Research clarifies origin of superior properties of new materials for next-generation molten salt reactors

Dislocation pinning
Bright field TEM images of (a) dislocation pinned by SiC particle and (b) Ni3Si precipitates


ANSTO has joined a Sino-Australian project and contributed significantly to research clarifying the origin of the superior mechanical properties in a new class of materials for use in the next generation of molten salt reactors (MSRs).

MSRs, advanced Generation IV concept reactors, have advantages over conventional nuclear reactors because of inherent safety, fuel cycle capabilities and efficiencies and low operating pressure.

The newly developed class of NiMo-SiC alloys has the potential to be used not only in MSRs but also in concentrated thermo-solar energy systems, which also use molten salt as the heat transfer and heat storage medium.

Although no commercial MSRs are currently in operation worldwide, there is a molten salt reactor and thorium energy research and development program at the Shanghai Institute of Applied Physics (SINAP). 

SINAP logo

ANSTO has an international partnership agreement with SINAP.

Structural materials for MSRs must demonstrate strength at high temperatures, be radiation resistant and also withstand corrosion.

The development of this new class of NiMo-SiC alloys was initiated at SINAP by Mr Chao Yang and Dr. Hefei Huang. In this effort, a number of Ni-MoSiC alloy specimens containing varying amount of SiC were then prepared in SINAP laboratories before being characterised at ANSTO.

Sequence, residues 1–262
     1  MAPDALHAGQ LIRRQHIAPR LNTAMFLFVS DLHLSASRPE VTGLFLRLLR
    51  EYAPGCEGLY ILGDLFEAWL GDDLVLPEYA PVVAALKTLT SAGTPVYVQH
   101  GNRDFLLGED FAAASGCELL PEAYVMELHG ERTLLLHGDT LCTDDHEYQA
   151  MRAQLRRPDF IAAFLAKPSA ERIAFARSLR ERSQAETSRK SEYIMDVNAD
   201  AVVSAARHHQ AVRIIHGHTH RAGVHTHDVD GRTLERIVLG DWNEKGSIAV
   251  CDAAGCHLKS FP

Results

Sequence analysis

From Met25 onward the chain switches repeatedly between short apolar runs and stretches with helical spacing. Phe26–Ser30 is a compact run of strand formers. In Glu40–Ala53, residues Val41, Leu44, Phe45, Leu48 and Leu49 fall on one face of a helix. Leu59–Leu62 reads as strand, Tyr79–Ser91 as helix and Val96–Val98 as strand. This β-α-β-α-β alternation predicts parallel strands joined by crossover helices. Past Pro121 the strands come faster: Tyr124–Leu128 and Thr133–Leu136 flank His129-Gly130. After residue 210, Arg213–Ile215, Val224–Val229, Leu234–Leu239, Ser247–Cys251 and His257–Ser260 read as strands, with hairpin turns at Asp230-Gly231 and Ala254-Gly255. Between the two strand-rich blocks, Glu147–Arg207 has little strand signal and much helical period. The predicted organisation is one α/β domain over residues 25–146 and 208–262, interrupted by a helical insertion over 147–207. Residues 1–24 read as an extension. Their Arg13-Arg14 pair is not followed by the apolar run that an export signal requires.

In a paper published in Materials and Design, researchers from SINAP and ANSTO, reported that these novel NiMo-SiC alloys, prepared from nickel (Ni) molybdenum (Mo) metal powders with added silicon carbide (SiC) particles possess superior mechanical properties owing to the precipitation, dispersion and solid-solution strengthening of the NiMo matrix.

The preparation includes mechanical alloying, spark plasma sintering, rapid cooling, high temperature annealing and water quenching.

Chao Yang, a PhD student from SINAP, worked for 12 months at ANSTO with Dr Ondrej Muránsky, Dr Hanliang Zhu, and Prof Gordon Thorogood on the comprehensive characterisation of the microstructure of these new alloys using neutron, synchrotron and electron diffraction techniques available at ANSTO.

Although the dispersion strengthening benefits of adding silicon carbide (SiC) particles to nickel (Ni) had been known, it was not considered satisfactory for use in MSRs due to the low high-temperature strength.

This issue has been addressed in the newly developed NiMo-SiC alloys by the presence of nickel silicide (Ni3Si) nano-particles, which fill the space between SiC particles, and thus hinder the dislocation motion (see image above). 

Because these alloys are developed via a powder metallurgy process, the SiC and Ni3Si are uniformly distributed within the NiMo matrix.

Such uniform distribution of SiC particles would not be possible to achieve using standard metallurgy processes.

Strengthening mechanism in SiC

Hence, the strength of these alloys stems from the combination of dispersion strengthening by SiC particles, precipitation strengthening by Ni3Si and solid-solution strengthening by Mo. 

In addition to dispersion strengthening by SiC particles and precipitation strengthening by Ni3Si, the NiMo matrix is strengthened by the presence of molybdenum (Mo) atoms, which form the solid-solution of NiMo.

As well as superior high-temperature strength, these newly developed alloys have superior corrosion resistance and radiation damage resistance.

The nano-particles present in the microstructure not only provide the obstacles for dislocation motion, but also provide sites/traps for radiation damage effects.

 

http://dx.doi.org/10.1016/j.matdes.2016.10.024

 

Published: 07/02/2017